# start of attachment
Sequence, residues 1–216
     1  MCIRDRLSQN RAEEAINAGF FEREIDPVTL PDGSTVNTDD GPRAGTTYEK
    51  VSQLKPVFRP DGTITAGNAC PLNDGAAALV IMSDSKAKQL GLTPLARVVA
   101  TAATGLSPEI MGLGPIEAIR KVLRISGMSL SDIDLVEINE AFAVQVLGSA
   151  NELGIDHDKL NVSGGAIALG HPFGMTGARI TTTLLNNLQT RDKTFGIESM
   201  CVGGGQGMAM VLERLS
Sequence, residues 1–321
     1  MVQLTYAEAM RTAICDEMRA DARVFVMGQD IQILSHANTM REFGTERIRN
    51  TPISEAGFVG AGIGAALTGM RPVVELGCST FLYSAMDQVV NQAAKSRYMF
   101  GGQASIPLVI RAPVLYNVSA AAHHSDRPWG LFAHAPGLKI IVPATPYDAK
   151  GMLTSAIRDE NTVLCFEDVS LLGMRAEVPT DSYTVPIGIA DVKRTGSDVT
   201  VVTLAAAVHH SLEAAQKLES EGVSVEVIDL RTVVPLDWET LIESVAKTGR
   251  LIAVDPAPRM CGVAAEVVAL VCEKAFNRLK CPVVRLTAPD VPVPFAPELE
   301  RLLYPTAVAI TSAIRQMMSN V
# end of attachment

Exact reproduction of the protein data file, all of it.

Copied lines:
Sequence, residues 1–216
     1  MCIRDRLSQN RAEEAINAGF FEREIDPVTL PDGSTVNTDD GPRAGTTYEK
    51  VSQLKPVFRP DGTITAGNAC PLNDGAAALV IMSDSKAKQL GLTPLARVVA
   101  TAATGLSPEI MGLGPIEAIR KVLRISGMSL SDIDLVEINE AFAVQVLGSA
   151  NELGIDHDKL NVSGGAIALG HPFGMTGARI TTTLLNNLQT RDKTFGIESM
   201  CVGGGQGMAM VLERLS
Sequence, residues 1–321
     1  MVQLTYAEAM RTAICDEMRA DARVFVMGQD IQILSHANTM REFGTERIRN
    51  TPISEAGFVG AGIGAALTGM RPVVELGCST FLYSAMDQVV NQAAKSRYMF
   101  GGQASIPLVI RAPVLYNVSA AAHHSDRPWG LFAHAPGLKI IVPATPYDAK
   151  GMLTSAIRDE NTVLCFEDVS LLGMRAEVPT DSYTVPIGIA DVKRTGSDVT
   201  VVTLAAAVHH SLEAAQKLES EGVSVEVIDL RTVVPLDWET LIESVAKTGR
   251  LIAVDPAPRM CGVAAEVVAL VCEKAFNRLK CPVVRLTAPD VPVPFAPELE
   301  RLLYPTAVAI TSAIRQMMSN V